Q: Okay, so here's my next question: What's a sub-brand? Like Jimmy Johns or something?
Uh, no. Jimmy Johns is a brand of submarine sandwiches, which is totally different. And I'll thank you not to plug sandwich shops or any other product in my article from here on out. Other readers tend to not like that.
A sub-brand is just that: a brand within a brand. Homologous examples to Audi's "future TT family" include BMW's recent "i" series of electric cars or how Toyota developed the Prius into its own sub-brand by adding the sub-compact "C" and van-thing "V" models.
Other examples of sub-brands would be GM's old GEO brand of captive imports sold through Chevrolet dealers back in the '90s or Toyota's current "youth" brand Scion. Even the Oldsmobile Cutlass nameplate became its own sub-brand back in the poodle perm days, its umbrella casting shade on cars like Cutlass Calais, Cutlass Supreme, Cutlass Ciera and on and on.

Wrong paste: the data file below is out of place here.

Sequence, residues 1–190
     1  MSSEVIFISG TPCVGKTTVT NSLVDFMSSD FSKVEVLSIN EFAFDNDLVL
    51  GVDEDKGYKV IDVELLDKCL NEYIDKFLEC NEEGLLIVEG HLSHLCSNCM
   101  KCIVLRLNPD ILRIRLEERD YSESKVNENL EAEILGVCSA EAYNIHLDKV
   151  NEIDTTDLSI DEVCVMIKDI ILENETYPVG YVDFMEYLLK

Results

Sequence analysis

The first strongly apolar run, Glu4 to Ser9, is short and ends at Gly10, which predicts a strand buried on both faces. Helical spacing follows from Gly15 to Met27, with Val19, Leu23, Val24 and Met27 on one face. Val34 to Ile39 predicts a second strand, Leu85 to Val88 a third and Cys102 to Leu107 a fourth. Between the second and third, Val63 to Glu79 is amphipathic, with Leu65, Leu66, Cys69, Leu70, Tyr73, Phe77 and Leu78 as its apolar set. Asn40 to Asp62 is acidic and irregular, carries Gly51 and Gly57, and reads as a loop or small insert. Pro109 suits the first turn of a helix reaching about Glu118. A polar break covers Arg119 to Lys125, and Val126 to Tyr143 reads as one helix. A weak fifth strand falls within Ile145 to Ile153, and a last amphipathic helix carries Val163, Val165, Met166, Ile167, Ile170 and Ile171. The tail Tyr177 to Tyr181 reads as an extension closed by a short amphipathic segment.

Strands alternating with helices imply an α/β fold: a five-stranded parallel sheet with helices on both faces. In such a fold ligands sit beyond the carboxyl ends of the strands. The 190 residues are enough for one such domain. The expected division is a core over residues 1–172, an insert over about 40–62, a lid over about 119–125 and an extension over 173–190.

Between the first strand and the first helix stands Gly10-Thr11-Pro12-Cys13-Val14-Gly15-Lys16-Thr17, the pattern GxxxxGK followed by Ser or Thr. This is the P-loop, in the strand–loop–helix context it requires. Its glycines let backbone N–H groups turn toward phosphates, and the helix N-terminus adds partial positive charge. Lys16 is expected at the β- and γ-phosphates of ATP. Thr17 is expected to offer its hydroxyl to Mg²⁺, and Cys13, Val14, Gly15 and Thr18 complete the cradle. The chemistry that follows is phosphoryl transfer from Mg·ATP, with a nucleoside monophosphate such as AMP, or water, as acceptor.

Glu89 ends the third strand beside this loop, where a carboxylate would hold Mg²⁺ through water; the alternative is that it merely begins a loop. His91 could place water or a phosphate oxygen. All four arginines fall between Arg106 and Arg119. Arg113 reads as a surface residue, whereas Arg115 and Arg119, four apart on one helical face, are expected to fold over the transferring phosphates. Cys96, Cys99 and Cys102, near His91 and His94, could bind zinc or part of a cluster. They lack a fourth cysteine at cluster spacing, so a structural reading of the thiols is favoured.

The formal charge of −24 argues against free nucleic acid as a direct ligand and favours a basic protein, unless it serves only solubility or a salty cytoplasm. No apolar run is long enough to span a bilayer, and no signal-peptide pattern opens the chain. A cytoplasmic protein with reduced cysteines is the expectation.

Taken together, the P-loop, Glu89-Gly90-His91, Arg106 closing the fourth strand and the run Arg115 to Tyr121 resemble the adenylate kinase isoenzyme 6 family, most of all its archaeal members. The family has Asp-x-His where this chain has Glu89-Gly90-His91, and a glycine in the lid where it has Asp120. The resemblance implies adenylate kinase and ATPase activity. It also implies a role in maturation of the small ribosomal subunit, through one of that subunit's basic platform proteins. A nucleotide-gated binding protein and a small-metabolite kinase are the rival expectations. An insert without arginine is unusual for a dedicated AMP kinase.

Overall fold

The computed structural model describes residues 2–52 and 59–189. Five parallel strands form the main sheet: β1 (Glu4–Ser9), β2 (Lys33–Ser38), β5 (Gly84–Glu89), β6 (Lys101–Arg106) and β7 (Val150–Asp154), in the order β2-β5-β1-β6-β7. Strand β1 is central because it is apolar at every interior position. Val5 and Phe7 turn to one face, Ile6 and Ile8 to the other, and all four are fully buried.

Q: What makes a sub-brand different from a standard model range? Are we going to see more of them?
What's with you and all of these twofer questions of yours? I've been under the impression you were asking questions to hurry me along. We'll never finish here at this rate.
First, I've literally sat here for an amount of minutes trying to think of a good answer to your first question there. I can't really think of a great one. The lines are usually Robin Thicke levels of blurred (okay, just to break the fourth wall for a second, I sincerely apologize for that line). So I'll just move on to your second question then and the answer is: Yes, you are going to see more sub-brands in the future (in addition to the ones we have now).